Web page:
SAA paid millions to boost Gupta newspaper circulation at airports
Former boss Vuyisile Kona 'not interested' whether they were even read
Remember those piles of The New Age newspaper you used to see at local airports and on board SAA flights? Your taxes paid for them.
The state capture commission heard on Tuesday that taxpayers' money was used to increase supply of the Gupta-owned newspaper from 3,000 to 7,000 copies a day. This increase in distribution cost the taxpayer R2.4m for the daily supply of extra copies.
This was in addition to the 24,000 copies supplied monthly, at a cost of R55,200 a month, as per the original agreement between The New Age and SAA entered into in 2011.
The man who approved this extra spend on the Gupta newspaper, former SAA acting chief executive Vuyisile Kona, claimed he did not even know who owned TNA.
Kona was testifying at the Zondo commission on Tuesday.
"They were not happy with the quantity ... of newspapers they were providing to the airline," said Kona of what made him to approve a R2.4m further commitment by SAA to TNA.
The most bizarre reasoning provided by former Oakbay CEO Nazeem Howa - who worked for the Guptas - was that their newspaper was "treated different and they wanted to be treated equally, like other newspapers, like Business Day and The Star".
According to Kona, it was former public enterprises minister Malusi Gigaba's adviser Siyabonga Mahlangu who introduced Howa to him.
He said this took place between October and November 2012, which was before Kona had rejected a R500,000 gratification from Tony Gupta at a meeting at the Gupta residence.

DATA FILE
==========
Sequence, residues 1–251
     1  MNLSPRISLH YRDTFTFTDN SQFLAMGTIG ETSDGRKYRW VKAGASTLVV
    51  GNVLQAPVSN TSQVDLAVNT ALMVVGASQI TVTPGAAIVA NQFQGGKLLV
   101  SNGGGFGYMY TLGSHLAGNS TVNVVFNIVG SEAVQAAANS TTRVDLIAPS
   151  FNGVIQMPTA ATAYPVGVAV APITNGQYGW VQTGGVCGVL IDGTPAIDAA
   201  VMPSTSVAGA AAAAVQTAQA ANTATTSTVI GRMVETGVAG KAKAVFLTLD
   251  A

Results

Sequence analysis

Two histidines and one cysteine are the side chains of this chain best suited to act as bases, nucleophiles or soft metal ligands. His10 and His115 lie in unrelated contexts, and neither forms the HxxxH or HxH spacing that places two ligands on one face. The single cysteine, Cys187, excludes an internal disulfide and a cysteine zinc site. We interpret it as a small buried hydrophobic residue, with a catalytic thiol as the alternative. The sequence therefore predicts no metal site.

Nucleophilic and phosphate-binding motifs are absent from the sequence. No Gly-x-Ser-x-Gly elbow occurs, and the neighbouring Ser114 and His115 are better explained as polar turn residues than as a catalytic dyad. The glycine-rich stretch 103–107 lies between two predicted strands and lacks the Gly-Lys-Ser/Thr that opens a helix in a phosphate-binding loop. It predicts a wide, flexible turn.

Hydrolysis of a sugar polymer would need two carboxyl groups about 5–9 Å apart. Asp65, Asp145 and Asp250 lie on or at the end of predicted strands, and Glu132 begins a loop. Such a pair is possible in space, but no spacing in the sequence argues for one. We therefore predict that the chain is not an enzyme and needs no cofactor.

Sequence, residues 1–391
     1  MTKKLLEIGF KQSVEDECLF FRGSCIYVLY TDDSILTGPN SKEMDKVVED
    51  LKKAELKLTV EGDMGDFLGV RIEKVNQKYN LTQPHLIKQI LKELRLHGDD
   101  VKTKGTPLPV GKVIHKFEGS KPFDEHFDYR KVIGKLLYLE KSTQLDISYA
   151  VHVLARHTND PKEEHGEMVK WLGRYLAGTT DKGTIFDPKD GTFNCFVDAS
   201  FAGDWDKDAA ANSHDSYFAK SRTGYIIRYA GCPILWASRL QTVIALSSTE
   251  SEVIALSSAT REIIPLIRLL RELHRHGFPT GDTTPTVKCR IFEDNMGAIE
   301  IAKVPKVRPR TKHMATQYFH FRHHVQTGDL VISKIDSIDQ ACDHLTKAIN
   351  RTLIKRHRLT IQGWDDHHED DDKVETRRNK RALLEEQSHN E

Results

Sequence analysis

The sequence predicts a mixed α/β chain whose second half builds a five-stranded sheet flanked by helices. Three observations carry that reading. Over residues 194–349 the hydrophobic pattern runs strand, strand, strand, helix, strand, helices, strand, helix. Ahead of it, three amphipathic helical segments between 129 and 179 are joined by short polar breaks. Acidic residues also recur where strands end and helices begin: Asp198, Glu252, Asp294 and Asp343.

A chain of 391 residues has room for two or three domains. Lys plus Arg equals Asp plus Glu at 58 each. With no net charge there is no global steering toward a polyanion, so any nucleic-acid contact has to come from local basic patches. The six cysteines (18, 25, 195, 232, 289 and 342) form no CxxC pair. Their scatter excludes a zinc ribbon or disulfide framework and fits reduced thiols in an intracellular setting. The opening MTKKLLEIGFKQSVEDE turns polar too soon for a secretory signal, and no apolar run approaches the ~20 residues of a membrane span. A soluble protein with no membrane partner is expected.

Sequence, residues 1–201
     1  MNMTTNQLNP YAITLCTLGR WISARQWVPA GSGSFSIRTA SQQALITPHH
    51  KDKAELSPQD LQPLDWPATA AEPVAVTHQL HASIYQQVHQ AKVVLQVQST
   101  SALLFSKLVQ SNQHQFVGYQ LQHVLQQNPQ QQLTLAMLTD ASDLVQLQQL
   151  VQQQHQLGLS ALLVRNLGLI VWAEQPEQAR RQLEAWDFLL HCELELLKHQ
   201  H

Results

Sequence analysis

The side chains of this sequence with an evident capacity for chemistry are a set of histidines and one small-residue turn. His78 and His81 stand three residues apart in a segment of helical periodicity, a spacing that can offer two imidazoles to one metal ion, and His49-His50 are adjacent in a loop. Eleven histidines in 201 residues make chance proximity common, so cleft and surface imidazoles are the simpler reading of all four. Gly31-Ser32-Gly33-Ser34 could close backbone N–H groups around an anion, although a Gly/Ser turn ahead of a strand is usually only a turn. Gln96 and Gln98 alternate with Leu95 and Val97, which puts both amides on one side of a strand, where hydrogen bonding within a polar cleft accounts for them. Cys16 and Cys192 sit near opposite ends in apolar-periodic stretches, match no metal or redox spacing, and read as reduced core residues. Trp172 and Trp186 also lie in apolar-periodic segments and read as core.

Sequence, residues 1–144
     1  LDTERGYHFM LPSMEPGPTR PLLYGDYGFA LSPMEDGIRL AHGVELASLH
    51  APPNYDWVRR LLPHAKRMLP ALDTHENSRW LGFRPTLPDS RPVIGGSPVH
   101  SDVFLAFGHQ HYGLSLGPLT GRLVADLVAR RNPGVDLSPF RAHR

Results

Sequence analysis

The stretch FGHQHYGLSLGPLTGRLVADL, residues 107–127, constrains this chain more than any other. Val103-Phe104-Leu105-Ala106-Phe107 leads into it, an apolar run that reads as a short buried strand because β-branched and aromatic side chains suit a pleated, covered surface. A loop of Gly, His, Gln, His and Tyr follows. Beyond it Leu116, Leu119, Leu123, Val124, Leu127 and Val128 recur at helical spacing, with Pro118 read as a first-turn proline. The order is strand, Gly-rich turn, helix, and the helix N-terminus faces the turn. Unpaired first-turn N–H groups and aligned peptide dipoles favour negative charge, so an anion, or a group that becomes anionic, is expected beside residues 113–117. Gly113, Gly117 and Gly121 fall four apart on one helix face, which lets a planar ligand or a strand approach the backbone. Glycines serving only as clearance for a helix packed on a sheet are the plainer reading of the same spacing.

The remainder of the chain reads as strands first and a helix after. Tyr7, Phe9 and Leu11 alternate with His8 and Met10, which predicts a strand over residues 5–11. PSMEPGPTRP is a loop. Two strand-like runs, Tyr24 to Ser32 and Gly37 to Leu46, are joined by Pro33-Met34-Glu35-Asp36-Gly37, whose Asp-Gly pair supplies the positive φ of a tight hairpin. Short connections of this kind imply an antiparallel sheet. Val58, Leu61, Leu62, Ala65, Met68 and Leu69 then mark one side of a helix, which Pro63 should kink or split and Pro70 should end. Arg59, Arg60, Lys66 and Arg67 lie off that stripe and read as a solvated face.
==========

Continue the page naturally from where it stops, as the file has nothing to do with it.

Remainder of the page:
Despite this, Kona told the commission that he was in the dark about who owned TNA.
Commission chair judge Raymond Zondo struggled to understand why Kona approved an increase of supply when he was warned by the SAA general manager of operations, who insisted that there was no budget for this.
"OK chair, the business was being reorganised, so when a business is being reorganised, everything changes," he responded.
He said that he was "using his better judgment" because there would be cost-cutting in some areas, which would free up money.
"In my better judgment, I knew that there would be surplus cash with the interventions we were putting in place," he said.
But Kona conceded that he approved the additional expenditure to TNA without knowing the circulation of the newspaper. He also conceded that he did not know that the TNA actually never had accredited readership or circulation figures.
Worse still, Kona could not tell whether anyone was reading these newspapers or picking them up at the check-in counters or on flights.
"Do you think it would have been relevant whether or not the newspaper copies were being picked up?" asked evidence leader advocate Kate Hofmeyr.
"No," was the answer Kona managed, without elaborating.